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What conclusions do we draw from Bills’ aggressive draft?

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Posted: Monday, May 12, 2014 1:08 am

ORCHARD PARK — So what do we make of the Bills’ draft?

Clearly, to use the words of President/CEO Russ Brandon, it was “bold and aggressive.”

Which is true.

Five trades in three days, including the first-round stunner that brought wide receiver Sammy Watkins to Buffalo, could be described no other way.

And here’s what’s interesting.

You’d be hard-pressed to find a single Bills’ fan who doesn’t think that deal was too expensive — though part of the price was quickly recouped — but most of them weren’t overly critical ... or angry.

Their concern over the price of the trade to move up a mere five spots and take the draft’s top-rated wideout was seemingly offset by the acquisition of a consensus elite offensive weapon and the idea that the Bills were an actual mover and shaker in this year’s lottery.

Oh, it cost a first- and fourth-round draft pick in 2015 to achieve that notoriety but, within 18 hours, Buffalo had been repaid part of that price.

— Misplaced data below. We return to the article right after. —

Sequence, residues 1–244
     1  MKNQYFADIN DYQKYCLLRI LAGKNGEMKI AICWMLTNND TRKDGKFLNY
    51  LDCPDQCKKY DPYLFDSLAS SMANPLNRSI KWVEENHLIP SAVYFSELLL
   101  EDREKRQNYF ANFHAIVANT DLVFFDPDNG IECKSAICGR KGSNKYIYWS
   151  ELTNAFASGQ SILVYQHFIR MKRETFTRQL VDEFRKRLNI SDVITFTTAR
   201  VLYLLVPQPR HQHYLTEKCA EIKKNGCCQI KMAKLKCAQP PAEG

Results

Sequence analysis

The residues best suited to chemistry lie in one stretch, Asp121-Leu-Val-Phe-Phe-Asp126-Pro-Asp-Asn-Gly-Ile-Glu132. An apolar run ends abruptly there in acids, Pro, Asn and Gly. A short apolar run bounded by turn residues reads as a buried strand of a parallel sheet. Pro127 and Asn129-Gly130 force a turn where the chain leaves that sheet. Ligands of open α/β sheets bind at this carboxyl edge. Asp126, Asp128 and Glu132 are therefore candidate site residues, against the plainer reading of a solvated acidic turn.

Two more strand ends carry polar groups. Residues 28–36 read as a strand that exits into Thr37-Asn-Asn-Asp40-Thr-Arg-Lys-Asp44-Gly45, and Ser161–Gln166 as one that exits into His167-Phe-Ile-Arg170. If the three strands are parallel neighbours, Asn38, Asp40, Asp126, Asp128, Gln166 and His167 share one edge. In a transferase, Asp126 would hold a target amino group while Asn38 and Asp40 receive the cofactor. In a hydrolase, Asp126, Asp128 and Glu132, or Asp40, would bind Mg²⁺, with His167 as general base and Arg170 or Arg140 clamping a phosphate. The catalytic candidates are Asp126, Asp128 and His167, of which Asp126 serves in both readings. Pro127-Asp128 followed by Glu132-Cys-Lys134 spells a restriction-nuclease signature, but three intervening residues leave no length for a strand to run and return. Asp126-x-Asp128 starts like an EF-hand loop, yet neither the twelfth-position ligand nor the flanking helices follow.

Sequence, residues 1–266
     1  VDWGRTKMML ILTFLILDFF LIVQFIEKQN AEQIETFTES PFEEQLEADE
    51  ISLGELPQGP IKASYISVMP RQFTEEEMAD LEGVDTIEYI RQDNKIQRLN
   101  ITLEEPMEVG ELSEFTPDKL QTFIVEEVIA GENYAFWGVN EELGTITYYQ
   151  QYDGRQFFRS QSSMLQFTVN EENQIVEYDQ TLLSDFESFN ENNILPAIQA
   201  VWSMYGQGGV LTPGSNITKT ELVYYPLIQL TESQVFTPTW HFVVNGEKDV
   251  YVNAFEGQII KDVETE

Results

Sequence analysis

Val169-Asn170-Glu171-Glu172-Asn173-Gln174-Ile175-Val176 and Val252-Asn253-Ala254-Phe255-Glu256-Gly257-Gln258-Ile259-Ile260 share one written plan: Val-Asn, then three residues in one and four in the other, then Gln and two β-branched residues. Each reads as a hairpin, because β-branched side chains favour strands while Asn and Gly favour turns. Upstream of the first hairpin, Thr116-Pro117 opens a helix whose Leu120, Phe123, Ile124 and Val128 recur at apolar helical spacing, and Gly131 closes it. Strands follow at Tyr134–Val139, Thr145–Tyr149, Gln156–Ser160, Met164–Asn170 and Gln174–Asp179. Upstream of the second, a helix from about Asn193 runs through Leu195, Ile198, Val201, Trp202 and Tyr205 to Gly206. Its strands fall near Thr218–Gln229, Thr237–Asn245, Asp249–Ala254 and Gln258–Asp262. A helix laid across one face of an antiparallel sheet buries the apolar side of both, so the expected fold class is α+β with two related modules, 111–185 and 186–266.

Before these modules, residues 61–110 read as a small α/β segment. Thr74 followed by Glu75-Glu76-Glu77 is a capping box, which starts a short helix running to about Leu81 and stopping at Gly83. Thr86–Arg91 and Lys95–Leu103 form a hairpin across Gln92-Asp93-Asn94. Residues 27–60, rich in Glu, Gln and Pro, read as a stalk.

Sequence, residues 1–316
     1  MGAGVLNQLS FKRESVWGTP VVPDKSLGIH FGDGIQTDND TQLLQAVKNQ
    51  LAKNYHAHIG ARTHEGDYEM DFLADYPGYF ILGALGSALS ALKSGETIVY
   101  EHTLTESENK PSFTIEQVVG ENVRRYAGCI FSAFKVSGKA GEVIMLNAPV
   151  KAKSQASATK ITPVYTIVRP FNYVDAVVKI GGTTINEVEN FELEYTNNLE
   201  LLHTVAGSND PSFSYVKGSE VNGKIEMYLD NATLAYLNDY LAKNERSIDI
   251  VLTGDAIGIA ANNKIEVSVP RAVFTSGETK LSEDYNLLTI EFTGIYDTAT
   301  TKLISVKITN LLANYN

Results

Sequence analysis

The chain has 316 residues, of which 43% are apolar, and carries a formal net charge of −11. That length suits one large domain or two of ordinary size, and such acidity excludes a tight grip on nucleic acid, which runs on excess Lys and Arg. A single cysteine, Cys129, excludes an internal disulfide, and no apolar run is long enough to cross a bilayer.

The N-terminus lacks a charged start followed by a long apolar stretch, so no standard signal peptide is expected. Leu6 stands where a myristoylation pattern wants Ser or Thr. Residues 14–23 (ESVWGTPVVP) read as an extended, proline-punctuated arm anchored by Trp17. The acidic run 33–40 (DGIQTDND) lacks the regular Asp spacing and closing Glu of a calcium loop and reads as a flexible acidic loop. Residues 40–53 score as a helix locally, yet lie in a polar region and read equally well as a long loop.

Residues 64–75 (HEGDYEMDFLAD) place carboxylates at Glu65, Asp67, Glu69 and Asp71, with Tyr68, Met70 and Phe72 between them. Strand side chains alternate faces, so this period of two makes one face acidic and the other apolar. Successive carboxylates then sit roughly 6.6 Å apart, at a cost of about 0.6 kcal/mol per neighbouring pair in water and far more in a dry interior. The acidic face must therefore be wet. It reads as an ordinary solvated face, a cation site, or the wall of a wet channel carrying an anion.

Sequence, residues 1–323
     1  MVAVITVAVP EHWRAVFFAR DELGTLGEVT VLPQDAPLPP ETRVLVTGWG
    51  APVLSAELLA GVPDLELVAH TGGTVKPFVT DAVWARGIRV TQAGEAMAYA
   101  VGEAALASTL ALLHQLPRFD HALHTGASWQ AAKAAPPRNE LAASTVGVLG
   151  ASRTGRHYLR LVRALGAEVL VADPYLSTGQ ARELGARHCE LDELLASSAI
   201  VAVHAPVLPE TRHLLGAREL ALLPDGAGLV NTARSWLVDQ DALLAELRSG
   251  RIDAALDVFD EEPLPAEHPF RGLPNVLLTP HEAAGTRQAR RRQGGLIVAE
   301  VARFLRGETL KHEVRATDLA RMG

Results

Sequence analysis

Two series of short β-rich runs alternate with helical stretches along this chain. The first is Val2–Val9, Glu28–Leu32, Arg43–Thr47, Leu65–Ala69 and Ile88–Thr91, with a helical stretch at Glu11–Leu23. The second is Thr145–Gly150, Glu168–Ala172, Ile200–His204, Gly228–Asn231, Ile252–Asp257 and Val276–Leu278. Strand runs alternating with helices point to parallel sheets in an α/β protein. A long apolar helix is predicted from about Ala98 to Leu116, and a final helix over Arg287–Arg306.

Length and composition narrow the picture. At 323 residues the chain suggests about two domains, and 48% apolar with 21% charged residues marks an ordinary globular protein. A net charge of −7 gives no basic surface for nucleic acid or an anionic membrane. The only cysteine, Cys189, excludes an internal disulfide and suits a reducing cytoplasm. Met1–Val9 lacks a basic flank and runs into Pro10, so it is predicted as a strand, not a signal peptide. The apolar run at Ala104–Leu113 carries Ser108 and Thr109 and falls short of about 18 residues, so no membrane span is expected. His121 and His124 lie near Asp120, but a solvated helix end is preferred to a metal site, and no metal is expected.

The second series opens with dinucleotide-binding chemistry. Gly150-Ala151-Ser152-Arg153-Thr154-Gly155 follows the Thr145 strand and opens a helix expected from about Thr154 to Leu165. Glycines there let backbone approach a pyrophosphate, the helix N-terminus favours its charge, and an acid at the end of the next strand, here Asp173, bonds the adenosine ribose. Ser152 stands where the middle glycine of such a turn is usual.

Of course, it was hard not to connect some dots.

With the death of owner Ralph Wilson in March, the team almost immediately went up for sale and, before the next draft,  will almost certainly be under new ownership.

Thus, there’s no certainty Brandon, general manager Doug Whaley and, for that matter, coach Doug Marrone and his staff, will have jobs.

When asked if that reality was a factor in Buffalo’s proactive approach to this year’s draft , Brandon maintained, “I’m not worried about anything relative to the sale of the franchise when it comes to the football operation.”

Fair enough, but what did you expect him to say ... “Frankly, we’re terrified of losing our jobs if we don’t make the playoffs”

But clearly, their best ticket to job security is for the Bills to end their 14-year absence from the post-season.

IN ALL, Buffalo swung five trades in the draft’s three days and that was after it sent a sixth-round draft pick to Tampa Bay for  wide receiver Mike Williams last month.

They did give up a first rounder in the Watkins deal, but they bought back a fourth-round choice from San Francisco by sending wide receiver Stevie Johnson,  whose welcome had been worn out by immaturity and inconsistent production, to the 49ers. Had he not been dealt, Buffalo might well have opted to cut him at the end of training camp if there was no buyer.

The next day, the Bills sent that fourth-rounder to Philadelphia for running back Bryce Brown, a bit of a quizzical move though incumbents C.J. Spiller and Fred Jackson are in the last year of their contracts.

The Bills’ other two trades were for position, going down to get extra picks.

They traded places with St. Louis in Round 2 to acquire a fifth-rounder. 

And, finally, Buffalo sent its second fifth-round pick to the Buccaneers for Tampa Bay’s fifth-rounder in 2015 and an extra seventh rounder on Saturday.